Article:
Let's turn together to Romans 3:25–26. Unless you begin with the glory of God, this aspect of the death of Jesus will make no sense.
So let me set the stage for understanding these two verses from Romans 3. God created the world for his glory. God's righteousness is his unswerving commitment to uphold the worth of his glory—which means to support everything that magnifies his glory and to oppose everything that diminishes his glory.
And since we have all diminished and desecrated his glory, his righteousness commits him to oppose us with omnipotent wrath. How, then, can he save sinners like us and still uphold the worth of his glory? How can he acquit guilty sinners and still be a righteous judge.
Romans 3:25–26 make very plain this meaning of Jesus' death.
. . . whom God put forward as an expiation [or: propitiation] by his blood, to be received by faith. This was to show God's righteousness, because in his divine forbearance he had passed over former sins; it was to prove at the present time that he himself is righteous and that he justifies him who has faith in Jesus.
Notice carefully that the reason Jesus was sent to die was to show God's righteousness. Now why did God's righteousness need to be shown? Answer (v. 25): "because in his divine forbearance he had passed over former sins." In other words when God passes over sins—when he forgives you or me—it looks as though he is not righteous. It looks as though he is putting no infinite value on his glory which we have scorned by our sin. And in fact it would be a horrendous unrighteousness if God were to simply sweep the sin of the world under the rug of the universe as though it were no awesome thing to acquit a guilty sinner in God's presence.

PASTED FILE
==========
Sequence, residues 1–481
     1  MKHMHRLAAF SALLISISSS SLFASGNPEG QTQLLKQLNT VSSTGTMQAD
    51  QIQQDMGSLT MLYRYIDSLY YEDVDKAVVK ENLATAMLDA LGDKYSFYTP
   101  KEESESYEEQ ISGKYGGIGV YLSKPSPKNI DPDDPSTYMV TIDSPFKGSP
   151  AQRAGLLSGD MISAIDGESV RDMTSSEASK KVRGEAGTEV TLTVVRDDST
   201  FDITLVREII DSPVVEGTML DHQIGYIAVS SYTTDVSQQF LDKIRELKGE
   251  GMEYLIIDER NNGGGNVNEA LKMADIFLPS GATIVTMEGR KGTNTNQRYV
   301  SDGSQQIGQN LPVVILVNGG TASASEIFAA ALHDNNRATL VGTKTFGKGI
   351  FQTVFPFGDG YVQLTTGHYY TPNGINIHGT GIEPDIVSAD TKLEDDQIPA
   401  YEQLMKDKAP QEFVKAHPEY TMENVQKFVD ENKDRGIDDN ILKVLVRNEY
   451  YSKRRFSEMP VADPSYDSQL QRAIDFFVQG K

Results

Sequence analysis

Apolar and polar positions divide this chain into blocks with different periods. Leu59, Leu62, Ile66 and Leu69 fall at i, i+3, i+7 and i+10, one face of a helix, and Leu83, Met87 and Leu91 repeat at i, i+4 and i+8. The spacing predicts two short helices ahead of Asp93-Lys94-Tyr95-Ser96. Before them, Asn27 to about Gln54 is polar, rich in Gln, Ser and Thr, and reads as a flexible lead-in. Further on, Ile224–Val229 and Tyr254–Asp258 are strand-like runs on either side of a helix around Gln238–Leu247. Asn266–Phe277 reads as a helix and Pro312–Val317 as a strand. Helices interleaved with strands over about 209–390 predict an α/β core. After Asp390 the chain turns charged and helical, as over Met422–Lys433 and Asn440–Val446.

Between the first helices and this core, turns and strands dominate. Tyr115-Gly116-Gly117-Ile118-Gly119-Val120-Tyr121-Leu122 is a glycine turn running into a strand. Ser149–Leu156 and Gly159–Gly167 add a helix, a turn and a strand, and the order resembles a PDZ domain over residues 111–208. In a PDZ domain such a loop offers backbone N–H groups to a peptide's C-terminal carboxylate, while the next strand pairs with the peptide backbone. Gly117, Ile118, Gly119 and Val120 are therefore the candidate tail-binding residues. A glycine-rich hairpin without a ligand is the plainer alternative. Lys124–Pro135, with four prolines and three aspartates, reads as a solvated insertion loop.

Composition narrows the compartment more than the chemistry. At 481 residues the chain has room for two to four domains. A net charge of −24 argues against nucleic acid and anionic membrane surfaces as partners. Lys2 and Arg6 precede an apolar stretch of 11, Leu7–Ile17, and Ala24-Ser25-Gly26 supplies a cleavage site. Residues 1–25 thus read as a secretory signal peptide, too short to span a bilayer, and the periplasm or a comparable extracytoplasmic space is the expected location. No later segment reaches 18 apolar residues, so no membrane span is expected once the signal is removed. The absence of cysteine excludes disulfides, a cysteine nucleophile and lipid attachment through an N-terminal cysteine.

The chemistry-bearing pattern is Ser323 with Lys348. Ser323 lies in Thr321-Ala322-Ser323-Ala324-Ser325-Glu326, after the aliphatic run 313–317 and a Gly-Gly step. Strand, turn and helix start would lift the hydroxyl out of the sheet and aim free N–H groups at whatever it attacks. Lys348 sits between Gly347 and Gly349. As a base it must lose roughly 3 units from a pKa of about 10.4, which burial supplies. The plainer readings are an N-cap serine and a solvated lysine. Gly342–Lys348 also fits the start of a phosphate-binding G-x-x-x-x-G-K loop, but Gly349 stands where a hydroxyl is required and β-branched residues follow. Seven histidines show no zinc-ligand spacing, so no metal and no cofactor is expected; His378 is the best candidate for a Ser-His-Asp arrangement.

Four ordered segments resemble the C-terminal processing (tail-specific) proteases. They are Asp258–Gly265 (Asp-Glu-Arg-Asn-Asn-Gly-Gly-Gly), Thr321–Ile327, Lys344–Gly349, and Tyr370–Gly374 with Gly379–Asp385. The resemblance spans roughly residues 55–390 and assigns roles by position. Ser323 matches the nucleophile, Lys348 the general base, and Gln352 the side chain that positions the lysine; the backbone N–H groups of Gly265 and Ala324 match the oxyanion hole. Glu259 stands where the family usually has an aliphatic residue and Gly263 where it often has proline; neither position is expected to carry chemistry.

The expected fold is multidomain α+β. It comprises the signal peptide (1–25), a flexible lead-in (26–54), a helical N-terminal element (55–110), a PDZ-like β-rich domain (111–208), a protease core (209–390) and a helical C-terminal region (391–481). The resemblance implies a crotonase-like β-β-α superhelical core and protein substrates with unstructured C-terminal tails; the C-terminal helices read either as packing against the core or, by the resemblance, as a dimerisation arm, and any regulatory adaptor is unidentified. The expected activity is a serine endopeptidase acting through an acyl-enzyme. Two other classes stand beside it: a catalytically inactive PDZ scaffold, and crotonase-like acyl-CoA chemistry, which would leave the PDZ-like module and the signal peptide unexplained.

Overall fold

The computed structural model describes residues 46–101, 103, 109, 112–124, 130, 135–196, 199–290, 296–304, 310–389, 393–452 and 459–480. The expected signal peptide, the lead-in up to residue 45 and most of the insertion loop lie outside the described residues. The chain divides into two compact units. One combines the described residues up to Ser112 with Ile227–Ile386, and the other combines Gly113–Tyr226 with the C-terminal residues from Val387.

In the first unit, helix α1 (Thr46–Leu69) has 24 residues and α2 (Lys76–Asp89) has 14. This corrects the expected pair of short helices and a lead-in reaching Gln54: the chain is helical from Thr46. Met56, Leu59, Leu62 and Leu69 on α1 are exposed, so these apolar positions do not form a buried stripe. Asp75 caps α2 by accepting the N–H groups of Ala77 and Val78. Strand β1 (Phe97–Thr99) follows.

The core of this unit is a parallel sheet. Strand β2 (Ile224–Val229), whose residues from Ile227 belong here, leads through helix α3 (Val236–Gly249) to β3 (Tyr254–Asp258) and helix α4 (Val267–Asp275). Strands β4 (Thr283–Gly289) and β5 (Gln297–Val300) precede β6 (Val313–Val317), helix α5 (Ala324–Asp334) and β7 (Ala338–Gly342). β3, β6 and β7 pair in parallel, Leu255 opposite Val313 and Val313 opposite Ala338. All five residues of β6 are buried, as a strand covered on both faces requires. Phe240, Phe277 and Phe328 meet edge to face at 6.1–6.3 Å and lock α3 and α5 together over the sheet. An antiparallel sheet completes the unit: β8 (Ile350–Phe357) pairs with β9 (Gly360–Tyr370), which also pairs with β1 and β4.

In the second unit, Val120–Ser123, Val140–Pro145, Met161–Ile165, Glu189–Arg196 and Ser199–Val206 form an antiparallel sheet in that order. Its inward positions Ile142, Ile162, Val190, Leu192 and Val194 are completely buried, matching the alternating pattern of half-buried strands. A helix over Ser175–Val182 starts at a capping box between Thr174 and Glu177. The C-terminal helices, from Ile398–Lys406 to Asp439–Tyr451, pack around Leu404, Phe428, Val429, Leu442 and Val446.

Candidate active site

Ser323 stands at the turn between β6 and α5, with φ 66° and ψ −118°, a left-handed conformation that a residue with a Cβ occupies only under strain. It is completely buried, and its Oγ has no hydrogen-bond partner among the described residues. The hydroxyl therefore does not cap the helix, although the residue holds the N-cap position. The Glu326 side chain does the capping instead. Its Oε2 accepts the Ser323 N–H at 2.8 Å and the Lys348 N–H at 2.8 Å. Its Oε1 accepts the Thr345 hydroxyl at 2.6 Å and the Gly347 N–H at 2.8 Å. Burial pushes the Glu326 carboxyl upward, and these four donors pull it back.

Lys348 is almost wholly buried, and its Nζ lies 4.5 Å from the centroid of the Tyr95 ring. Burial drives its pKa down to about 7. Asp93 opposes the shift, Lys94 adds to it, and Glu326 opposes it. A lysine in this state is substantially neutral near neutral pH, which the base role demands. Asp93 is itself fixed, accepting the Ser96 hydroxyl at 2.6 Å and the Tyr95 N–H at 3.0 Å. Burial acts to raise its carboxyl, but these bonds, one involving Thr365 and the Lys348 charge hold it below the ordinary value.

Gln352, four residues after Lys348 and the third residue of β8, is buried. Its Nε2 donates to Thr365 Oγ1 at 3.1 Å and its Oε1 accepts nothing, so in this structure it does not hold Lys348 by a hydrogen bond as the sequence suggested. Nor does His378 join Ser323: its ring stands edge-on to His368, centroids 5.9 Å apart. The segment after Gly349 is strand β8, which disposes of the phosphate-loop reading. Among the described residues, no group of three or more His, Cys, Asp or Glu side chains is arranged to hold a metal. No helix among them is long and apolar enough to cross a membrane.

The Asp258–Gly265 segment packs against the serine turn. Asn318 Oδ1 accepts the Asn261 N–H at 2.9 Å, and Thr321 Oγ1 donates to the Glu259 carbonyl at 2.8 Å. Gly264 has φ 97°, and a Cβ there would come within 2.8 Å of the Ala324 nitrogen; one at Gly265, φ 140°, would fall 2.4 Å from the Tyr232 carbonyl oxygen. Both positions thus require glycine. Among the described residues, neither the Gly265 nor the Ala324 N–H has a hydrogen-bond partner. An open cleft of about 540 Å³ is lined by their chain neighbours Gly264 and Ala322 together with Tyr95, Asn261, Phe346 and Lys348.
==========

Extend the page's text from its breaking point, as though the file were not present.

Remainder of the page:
So what happened when Christ died was that God demonstrated once and for all that he is not indifferent to the scorn we have brought on his glory. When Christ died, he died to repair the injury we have done to God's name and God's honor. What Christ did when he died was to vindicate the righteousness of God in the salvation of sinners. If Christ hadn't died in our place, the righteousness of God could only be vindicated in one way—by our eternal condemnation.
So let me summarize the three ways we have seen that the death of Christ saves us from judgment and gains for us eternal life. First, it is a ransom that repays the tremendous debt we owe to God for our sin. Second, it is a substitution. He bears our sin and our curse in himself so that we can be freed from guilt and punishment. Third, it is a vindication of God's righteousness so that he can be both just and the one who justifies him who has faith in Jesus.
My prayer now is that this would be clear to all of you—that the death of Jesus Christ is the only way that any of us can escape the wrath of God and find peace with God. And I pray not only that it be clear but that it would be compelling. My heart's desire and prayer to God is that you might be saved. The way is open. The provision is full and free. He justifies those who have faith in Jesus. Put your whole trust in him and he will be a whole Savior for you.